The Best 38 Special Ammunition For Modern Revolvers
The Best 38 Special Ammunition
For modern revolvers, the .38 Special caliber is almost certainly the quintessential choice. It was once widely used because of its reliability and durability. Even though the 9x19mm Parabellum, which is nearly the same diameter, may be more powerful in terms of ballistic performance, the .38 Special is still very popular amongst EDC (Everyday Carry) gun owners. More than a century after its inception, it continues to enjoy widespread acclaim. For decades, this was the go-to caliber for police revolvers, including the regular issue "snubby" or snub nose and "Chief's Special" models. It has stood the test of time in terms of being an effective caliber for EDC use and overall mainly for revolvers with short barrels or snub nose characteristics, which is easy to conceal.
To address the shortcomings of the .38 Long Colt, the U.S. military created and released the .38 Special cartridge in 1898. The resulting .38 Special cartridge fit not only the older .38 Long (and .38 Short) Colt firearms but also the older cap-and-ball revolvers used by the Navy and the soon-to-be-released .357 Magnum.
From the 1920s through the 1990s, the .38 Special ammo was the go-to service round for the vast majority of police agencies across the United States. It was also widely utilized by American servicemen in the sidearms they carried throughout World War I, World War II, the Korean War, and the Vietnam War. It is also commonly referred to as 929.5mmR or 9.129mmR in various regions of the world.
More than a century after its debut, the .38 Special remains one of the most popular revolver cartridges in the world due to its accuracy and controllable recoil. Its many applications include sport shooting, competitive target shooting, self-defense, and hunting for small game.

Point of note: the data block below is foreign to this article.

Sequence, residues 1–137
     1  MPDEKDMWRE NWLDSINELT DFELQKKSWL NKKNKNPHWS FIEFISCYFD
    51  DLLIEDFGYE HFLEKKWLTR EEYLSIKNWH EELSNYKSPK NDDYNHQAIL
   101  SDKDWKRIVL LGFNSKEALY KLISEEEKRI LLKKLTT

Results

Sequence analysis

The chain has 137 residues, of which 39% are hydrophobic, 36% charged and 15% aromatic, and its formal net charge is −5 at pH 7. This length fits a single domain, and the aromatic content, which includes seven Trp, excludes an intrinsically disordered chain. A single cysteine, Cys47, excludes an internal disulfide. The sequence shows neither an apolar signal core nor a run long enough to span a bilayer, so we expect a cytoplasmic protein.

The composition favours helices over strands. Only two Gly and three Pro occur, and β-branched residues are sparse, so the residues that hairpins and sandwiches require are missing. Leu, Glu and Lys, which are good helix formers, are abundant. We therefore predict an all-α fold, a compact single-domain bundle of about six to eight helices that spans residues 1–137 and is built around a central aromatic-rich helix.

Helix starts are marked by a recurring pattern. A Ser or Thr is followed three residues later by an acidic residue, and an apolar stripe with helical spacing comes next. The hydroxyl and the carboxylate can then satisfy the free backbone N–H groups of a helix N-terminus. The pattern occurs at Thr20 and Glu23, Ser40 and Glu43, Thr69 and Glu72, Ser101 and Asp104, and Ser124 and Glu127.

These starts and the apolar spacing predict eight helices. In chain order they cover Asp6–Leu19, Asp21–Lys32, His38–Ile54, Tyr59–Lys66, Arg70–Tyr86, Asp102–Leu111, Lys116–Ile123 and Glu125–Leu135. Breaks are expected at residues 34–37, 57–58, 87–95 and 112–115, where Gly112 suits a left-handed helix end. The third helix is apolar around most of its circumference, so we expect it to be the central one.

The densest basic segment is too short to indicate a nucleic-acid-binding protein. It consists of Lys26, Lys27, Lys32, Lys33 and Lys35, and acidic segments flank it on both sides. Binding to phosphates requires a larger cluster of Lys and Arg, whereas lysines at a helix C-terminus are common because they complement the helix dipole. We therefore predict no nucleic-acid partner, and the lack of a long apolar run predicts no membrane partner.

Smith & Wesson's rimmed, centerfire .38 Special cartridge is also known as the 9x29mmR or .38 S&W Special (not to be confused with .38 S&W), .38 Spl, .38 Spc, (pronounced "thirty-eight special"), or .38 Spl. When put next to a 9mm Luger, the 38mm Special's reduced recoil is a clear advantage. When compared to other cartridges, such as the .40 S&W, the recoil of both of these is far smaller.
The ".38" in .38 Special refers to the approximate diameter of the loaded brass case, not the cartridge's actual caliber of .357 inches (36 caliber/9.07 mm). This was necessary because the original 38-caliber cartridge, the .38 Short Colt, was intended for converting .36-caliber cap-and-ball Navy revolvers, which had untapered cylindrical firing chambers of approximately 0.374-inch (9.5 mm) diameter and thus required heeled bullets, the exposed portion of which was the same diameter as the cartridge case.
The .38 Special is similar to the .38 Short Colt, the .38 Long Colt, and the .357 Magnum save for the length of the cartridge's casing. Due to the similarity between the .38 Special and the .357 Magnum, either can be used in a revolver designed for the larger cartridge. It also makes it possible to use .38 Short Colt and .38 Long Colt ammunition in revolvers designed for .38 Special. This means that .38 Special ammunition and revolvers are exceptionally flexible. However, firearms rated for .38 Special (such as all variants of the Smith & Wesson Model 10) are typically not compatible with the longer and more powerful .357 Magnum cartridge since they are not built to handle the significantly higher pressure of the magnum cartridges. Colt New Army revolvers chambered for 38 Long Colt will also accept .38 Special and .357 Magnum due to their straight-walled chambers, however, this is not recommended under any circumstances since the resulting pressures can be up to three times higher than the New Army was meant to handle.
The .38 Special has about two to three major types of ammunition that the majority of the market use. The first is the Wadcutter type of ammunition available in the .38 special. The wadcutter is a slow, blunt bullet that is meant to be seated flush with the top of the bullet case and is a fan favorite among revolver shooters. These are designed for short-distance target shooting where bullet drop and trajectory are not likely to be a concern. The flat snout of the bullet serves to punch out nearly perfect circles in paper targets, making hits easy to recognize visually. In competitive and cowboy action shooting, the clean holes also improve the accuracy of scoring. For a long time, "snubby" or short-nosed revolvers have favored wadcutters. These popular guns have extremely short barrels and are not capable of successfully utilizing higher-velocity ammo.
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